Building foundations for justice and peace
Advent reflections from Ecumenical Accompaniers in Palestine and Israel
November 21, 2023
The Palestine Israel Ecumenical Network (PIEN) has released an Advent resource with week-by week reflections from Ecumenical Accompaniers (EA) who have been deployed in Palestine and Israel.
The World Council of Churches (WCC) Ecumenical Accompaniment Program in Palestine and Israel (EAPPI) sends volunteers to live alongside vulnerable Palestinian communities. Over a three-month deployment, the EAs monitor human rights and document the experiences of those communities. As impartial witnesses, their aim is to provide a protective presence, report violence and human rights violations and build foundations for justice and peace. EAPPI works in partnership with an international Christian network standing in solidarity with people of all faith.
Despite the war, the EAPPI program has continued to operate and EAs are reporting increasing violence against Palestinians in the West Bank since October 7.
“In Bethlehem, we anticipate the arrival of Christmas season, which brings joy to our souls, both young and old. However, the continued absence of justice in the Holy Land leaves little room for celebration or joy.”
The WCC reports while the most recent deployment was evacuated, the EAs remain in touch with residents.
Uniting Church minister Rev Dr Helen Richmond recently returned from an EAPPI deployment in Bethlehem and has heard disturbing reports from communities she visited while in the region. She is particularly concerned for residents in the village of Kisan where main roads have been cut off and there have been reports of unprovoked attacks.
With the world focused on the situation in the Holy Land, the PIEN Advent resource is an invitation to deepen your understanding of the context to this current crisis.
For each week of Advent, the guide includes first-hand accounts from recently returned EAs as well as bible readings, further resources and prayers to offer.
In her reflection, Helen writes, “It was an intense time. Every evening was spent writing up incidents of violence and abuse being directed at Palestinian people including children. One heartbreaking incident was seeing the demolition of Jubbet ad-Dhib school, one of a number of schools in Area C which had requested EAPPI to provide protective presence…Staff and students of the school continued to hold classes in small groups under the olive trees.”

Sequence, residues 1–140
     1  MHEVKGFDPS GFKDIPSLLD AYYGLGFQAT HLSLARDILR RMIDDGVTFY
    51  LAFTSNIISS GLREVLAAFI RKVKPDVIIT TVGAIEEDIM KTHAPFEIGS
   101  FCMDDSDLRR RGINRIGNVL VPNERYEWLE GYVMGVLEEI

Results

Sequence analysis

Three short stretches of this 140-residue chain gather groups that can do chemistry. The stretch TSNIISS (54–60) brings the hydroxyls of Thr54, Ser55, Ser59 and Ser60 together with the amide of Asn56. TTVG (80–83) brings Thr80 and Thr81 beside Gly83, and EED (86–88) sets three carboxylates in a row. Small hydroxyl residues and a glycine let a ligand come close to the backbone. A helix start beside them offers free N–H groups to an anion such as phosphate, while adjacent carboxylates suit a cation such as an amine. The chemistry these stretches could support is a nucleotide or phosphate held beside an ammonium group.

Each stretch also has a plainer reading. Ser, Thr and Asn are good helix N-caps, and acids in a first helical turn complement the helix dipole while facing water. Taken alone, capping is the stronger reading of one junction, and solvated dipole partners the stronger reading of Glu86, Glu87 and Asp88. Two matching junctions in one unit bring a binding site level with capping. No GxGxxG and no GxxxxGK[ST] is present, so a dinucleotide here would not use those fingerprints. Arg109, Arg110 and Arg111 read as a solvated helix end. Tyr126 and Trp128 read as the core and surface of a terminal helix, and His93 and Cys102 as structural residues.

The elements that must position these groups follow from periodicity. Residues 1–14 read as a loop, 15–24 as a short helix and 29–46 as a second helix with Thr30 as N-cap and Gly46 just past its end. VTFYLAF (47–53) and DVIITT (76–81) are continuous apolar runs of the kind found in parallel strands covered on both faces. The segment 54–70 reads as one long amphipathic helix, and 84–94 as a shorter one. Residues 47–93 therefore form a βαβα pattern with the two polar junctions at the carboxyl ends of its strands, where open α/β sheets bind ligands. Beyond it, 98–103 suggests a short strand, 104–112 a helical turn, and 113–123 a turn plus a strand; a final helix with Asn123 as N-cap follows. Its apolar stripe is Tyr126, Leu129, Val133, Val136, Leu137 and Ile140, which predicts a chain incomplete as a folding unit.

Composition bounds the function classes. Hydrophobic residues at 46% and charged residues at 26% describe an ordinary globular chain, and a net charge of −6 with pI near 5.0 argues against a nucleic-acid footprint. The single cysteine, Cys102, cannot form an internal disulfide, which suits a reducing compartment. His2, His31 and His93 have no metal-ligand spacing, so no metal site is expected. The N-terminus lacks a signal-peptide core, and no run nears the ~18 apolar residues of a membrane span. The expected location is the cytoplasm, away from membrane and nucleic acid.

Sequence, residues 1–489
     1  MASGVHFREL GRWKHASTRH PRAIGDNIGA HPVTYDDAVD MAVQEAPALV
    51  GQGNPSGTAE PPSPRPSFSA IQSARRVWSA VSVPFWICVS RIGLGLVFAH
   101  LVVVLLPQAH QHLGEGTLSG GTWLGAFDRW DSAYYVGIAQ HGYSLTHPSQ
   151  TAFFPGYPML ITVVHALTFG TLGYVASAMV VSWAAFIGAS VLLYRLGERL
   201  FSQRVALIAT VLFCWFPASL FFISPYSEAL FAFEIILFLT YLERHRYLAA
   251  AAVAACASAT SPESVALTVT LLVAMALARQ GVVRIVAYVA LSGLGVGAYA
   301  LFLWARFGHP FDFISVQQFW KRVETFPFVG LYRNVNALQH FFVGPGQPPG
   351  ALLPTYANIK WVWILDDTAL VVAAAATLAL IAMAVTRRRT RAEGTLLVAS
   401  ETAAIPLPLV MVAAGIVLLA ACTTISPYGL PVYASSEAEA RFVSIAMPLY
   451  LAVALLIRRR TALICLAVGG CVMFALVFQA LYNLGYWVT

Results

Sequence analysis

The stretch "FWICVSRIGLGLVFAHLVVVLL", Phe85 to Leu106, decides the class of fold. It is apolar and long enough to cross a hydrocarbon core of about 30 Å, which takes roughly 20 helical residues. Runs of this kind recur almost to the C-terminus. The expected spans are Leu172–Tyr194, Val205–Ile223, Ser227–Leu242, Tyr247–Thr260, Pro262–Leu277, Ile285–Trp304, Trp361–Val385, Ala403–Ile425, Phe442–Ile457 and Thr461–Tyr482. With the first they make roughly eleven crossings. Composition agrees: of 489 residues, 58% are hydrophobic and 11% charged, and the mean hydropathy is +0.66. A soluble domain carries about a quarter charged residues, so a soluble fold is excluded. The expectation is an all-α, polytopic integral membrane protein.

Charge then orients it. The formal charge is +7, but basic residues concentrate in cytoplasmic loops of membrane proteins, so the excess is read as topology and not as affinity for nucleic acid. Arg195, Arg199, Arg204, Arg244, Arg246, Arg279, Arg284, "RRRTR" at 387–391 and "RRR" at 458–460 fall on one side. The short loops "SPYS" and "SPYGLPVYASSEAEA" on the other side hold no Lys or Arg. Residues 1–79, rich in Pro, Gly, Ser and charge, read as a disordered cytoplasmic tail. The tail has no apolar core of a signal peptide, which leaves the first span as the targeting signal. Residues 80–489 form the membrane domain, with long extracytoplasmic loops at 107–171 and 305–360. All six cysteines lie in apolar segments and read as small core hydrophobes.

Local churches in Jerusalem have expressed their sadness and pain at the local situation as the community approaches the season of Christmas.
Patriarchs and Heads of the Churches in Jerusalem have called upon their congregations to stand with those facing afflictions by this year foregoing any unnecessarily festive activities.
A Bethlehemite writes “the Municipality have removed Christmas decorations that adorned the city's neighbourhoods for years, as a gesture of mourning for the lives lost and in solidarity with the people in Gaza. In Bethlehem, we anticipate the arrival of Christmas season, which brings joy to our souls, both young and old. However, the continued absence of justice in the Holy Land leaves little room for celebration or joy.”
The Uniting Church has joined calls from the WCC and the National Council of Churches in Australia for an immediate ceasefire, a cessation of violence in Palestine and Israel, the unconditional and safe release of all hostages and the opening of humanitarian corridors.
During Advent we encourage Uniting Church members to pray for those suffering in the Holy Land and for a lasting peace with justice for all people who call these lands home.
Photos: taken by EAPPI volunteer Rev Helen Richmond on her recent deployment in Bethlehem. "Justice" artwork by Catholic Palestinian artist Ghassan Salsa based in BeIt Sahour.
Helen Richmond has shared the following poem reflecting on her experiences
In the distance the waters of the Dead Sea, Al Bahr Al Mayyit, glisten
The shepherds of Kisan lead their sheep and goats though the hillsides as their grandparents did stretching back through the generations.
But now the hillsides have been transformed.
Once they were free to wander the hills of Kisan.
But no longer.
Settlers have come encroaching on their land.
The ever expanding settlements of Ibei Hanahal and Ma’ale Amos (ironically named after the Prophet Amos), bring new rules about where they may graze their herds.
The soldiers turn a blind eye but not only that, they join in harassing and intimidating the shepherds of Kisan, letting off sound bombs,
in their village and near the herds
goats miscarry, livelihoods are threatened,
their houses, school, mosque threatened with demolition. In the face of odds stacked against them the community hopes to survive and not be erased.
They want to continue to use the wells of their ancestors to water their herds.
Like the goats of Kisan that find nourishment from the red berries of the Natesh bush despite the thorns, the people of Kisan are nourished by their land.
But will the sons and daughters of Kisan be allowed to live on the land gifted by their forebears?
Will their grandchildren be able to graze their sheep and goats on the hills of Kisan?
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